Demystifying yoga with local teachers

Tucker Shelton
STICKING TO IT: Despite what he describes as a "traumatic introduction" to the practice, Tucker Shelton eventually became hooked on yoga and now teaches through the Asheville Yoga Center, Laughing Elephant Yoga and his Tucker Yoga website. Photo by Emily Nichols, courtesy of Shelton

If you’d told a young Tucker Shelton that he’d one day become a yoga teacher, he would have told you to get lost.

Shelton recalls his first yoga class, taken while he was still in high school: “At the time, I’d never done anything like it in my life, so my body was freaking out because it was so much, so fast,” he says. “My legs went numb and were on fire, and I was just so uncomfortable.”

At the end of class, during a final resting pose designed to be meditative and restorative, someone played a didgeridoo over his chest.

“I wish I could say it was like this heart-opening experience, but it was more like this wash of hot, stinky breath coming out,” says Shelton.

Despite vowing off yoga forever, Shelton did eventually try again in college — and got hooked. He now runs his own instructional website, Tucker Yoga, and teaches at both the Asheville Yoga Center and Laughing Elephant Yoga in Hendersonville.

The way Shelton teaches yoga is much different from how he was first introduced to the practice. He focuses on a style called Kaiut yoga, which involves holding seated or supine postures for several minutes at a time rather than blasting through different motions. “A lot of it is very restful and about soothing the nervous system,” he explains.

Asheville-area residents looking to get started with yoga might take a page from Shelton’s experience. Different yoga studios, styles and teachers can each offer completely different takes on the practice, each suited for different wellness needs.

Xpress set out to demystify some of the varieties of yoga available in the area and spoke to a number of local teachers about their yoga journeys — what went right and wrong, how they came to teach and what inspires them to practice.

Fired up

Sierra Hollister, author of Moon Path Yoga and a teacher at both West Asheville Yoga and Asheville Yoga Center, once believed all yoga was “gentle and boring.” She had started experimenting with the practice as a teen, learning poses from books. But as an avid rock climber, she wanted something that would offer a physical challenge. A friend dragged her to her first power yoga class.

“It was sweaty and hard,” Hollister recalls. “But it came through for me. And then the next morning, when I could barely move, I was so sore, that’s actually what hooked me.”

Power yoga, sometimes called Vinyasa or flow yoga, is one of the most commonly practiced forms in Asheville. It typically includes sun salutations — a series of bends, folds and standing postures — interspersed with poses that are designed to stretch, strengthen and open different parts of the body. The practice often incorporates ujjayi breath, from the Sanskrit word for “victorious,” in which long, slow inhales and deep, steady exhales are synchronized with each movement.

Many hot yoga classes are also based on a power yoga approach. As the name implies, hot yoga is performed in a heated room, usually between 90 and 105 degrees; practitioners say the temperature helps the body to move more easily.

Adi Westerman, owner and founder of Hot Yoga Asheville, was drawn to the style for the way it combines physical rigor with mental focus. “You have to be adapting to the heat and the environment and the instruction all at once,” she explains. “You really can’t be thinking about other things. Your mind really focuses in the moment, and that’s really what yoga is to me: being in the present moment.”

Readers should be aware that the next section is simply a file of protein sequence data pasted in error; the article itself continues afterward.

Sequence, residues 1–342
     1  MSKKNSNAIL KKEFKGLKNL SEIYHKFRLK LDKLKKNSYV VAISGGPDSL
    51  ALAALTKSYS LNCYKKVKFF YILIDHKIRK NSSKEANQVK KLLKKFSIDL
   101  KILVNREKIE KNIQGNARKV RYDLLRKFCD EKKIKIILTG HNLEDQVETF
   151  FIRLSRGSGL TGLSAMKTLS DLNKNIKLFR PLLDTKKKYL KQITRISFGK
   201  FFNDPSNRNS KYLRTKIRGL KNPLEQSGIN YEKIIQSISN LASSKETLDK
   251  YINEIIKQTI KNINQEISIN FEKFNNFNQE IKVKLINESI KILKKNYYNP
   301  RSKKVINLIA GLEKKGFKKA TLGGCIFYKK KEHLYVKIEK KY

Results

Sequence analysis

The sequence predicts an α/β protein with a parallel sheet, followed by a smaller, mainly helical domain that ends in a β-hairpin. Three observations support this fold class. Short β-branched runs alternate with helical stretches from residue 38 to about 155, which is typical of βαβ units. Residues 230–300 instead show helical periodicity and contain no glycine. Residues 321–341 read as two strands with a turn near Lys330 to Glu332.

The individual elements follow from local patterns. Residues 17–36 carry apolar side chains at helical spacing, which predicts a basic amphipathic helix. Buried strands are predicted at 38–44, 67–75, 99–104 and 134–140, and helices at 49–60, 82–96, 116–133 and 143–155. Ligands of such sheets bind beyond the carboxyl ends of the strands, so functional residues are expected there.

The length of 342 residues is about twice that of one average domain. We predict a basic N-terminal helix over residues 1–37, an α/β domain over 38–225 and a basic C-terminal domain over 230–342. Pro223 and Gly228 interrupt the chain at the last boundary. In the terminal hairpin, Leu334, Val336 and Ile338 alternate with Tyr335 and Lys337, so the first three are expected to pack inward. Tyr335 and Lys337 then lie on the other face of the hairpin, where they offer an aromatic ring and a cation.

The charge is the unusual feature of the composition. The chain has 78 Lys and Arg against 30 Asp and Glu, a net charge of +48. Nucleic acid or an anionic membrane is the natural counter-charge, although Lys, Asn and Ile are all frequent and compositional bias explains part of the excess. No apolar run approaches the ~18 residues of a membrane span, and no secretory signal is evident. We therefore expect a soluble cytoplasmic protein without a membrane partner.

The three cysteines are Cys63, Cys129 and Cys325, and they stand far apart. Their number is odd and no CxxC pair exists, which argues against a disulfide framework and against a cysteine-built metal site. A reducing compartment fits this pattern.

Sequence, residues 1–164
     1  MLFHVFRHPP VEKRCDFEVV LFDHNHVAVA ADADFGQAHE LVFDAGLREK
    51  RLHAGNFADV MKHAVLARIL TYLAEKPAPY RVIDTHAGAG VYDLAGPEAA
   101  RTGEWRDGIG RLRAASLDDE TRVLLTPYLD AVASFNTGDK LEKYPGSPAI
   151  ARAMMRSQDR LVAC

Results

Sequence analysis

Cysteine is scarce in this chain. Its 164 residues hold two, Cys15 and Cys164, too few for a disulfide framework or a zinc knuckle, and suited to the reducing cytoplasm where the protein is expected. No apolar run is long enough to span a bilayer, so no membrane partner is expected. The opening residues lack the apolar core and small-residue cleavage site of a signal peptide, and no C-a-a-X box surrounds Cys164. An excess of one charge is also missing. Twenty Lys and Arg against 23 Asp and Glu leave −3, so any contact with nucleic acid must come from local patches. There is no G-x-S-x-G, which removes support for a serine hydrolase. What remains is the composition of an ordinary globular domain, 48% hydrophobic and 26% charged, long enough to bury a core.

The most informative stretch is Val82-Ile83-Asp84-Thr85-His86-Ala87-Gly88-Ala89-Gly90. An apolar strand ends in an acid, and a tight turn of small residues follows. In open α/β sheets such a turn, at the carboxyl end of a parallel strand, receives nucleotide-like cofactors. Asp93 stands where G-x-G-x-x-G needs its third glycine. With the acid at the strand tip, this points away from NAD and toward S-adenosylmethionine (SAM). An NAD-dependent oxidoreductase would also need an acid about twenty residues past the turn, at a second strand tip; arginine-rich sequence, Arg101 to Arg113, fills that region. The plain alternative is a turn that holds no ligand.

From the heart

Years after her first power yoga class, Hollister discovered what she calls the yoga of her heart: Kundalini yoga. “It’s one of the few practices that you can find nowadays that still retains ancient teachings,” Hollister says. “It hasn’t been changed. It hasn’t been stripped of its spiritual dialogue and meaning. It could never be reduced to just an exercise.”

Kundalini yoga involves kriyas (sequences or complete actions) designed for specific purposes, such as “opening up the lung meridians or supporting the body in forgiveness,” explains Hollister. “There’s in the neighborhood of 8,000 kriyas, so there’s kriyas for everything.”

The poses that make up the kriyas are typically repetitive motions, coupled with pranayama, or intentional breathing. Each class also includes a warmup with sun salutations or a flowing sequence of poses, as well as a final meditation that might include the use of a gong or chanting a mantra.

Although the “ultimate destination” of Kundalini yoga is self-realization — “remembering the deep inner connection that we have with each other and this planet and the cosmos,” in Hollister’s words — she says students don’t have to be on a spiritual path to participate in or enjoy the classes.

Open up

Barbara Schauer
PEACEFUL PRACTICE: Barbara Schauer of Weaverville Yoga teaches Anahata yoga, a style that aims to open the heart through deliberate postures and rhythmic breathing. Photo by Katherine Brooks, courtesy of Schauer

While Barbara Schauer, owner and teacher at Weaverville Yoga, dabbled with yoga over the years — and, like Hollister, lived in a Kundalini ashram (spiritual learning center) for a while — it wasn’t until she encountered Anahata yoga that she found her calling. During one of her first classes, she felt as if the depression and anxiety she’d struggled with for years had become something solid and slid off her body to the floor. After the experience, she was determined to bring the practice to others. “I want this for everyone,” she says.

Anahata, a Sanskrit word meaning “unhurt,” is also the name for the heart chakra — one of the seven main energy centers in the body, according to Hindu traditions. In Anahata yoga classes, students move through basic seated, standing and supine postures while maintaining what Schauer calls a “rhythmical balanced breath” to focus the mind. The poses and verbal cues are designed to open the heart and expand the chest in a way that counterbalances the hunched posture many have in their day-to-day lives.

“If you look around at people right now, everybody looks like a turtle,” says Schauer. “Everybody is curled over. … We’re all entranced and captivated by our electronics, and it’s not really normal for human beings to be in that position.”

Make it your own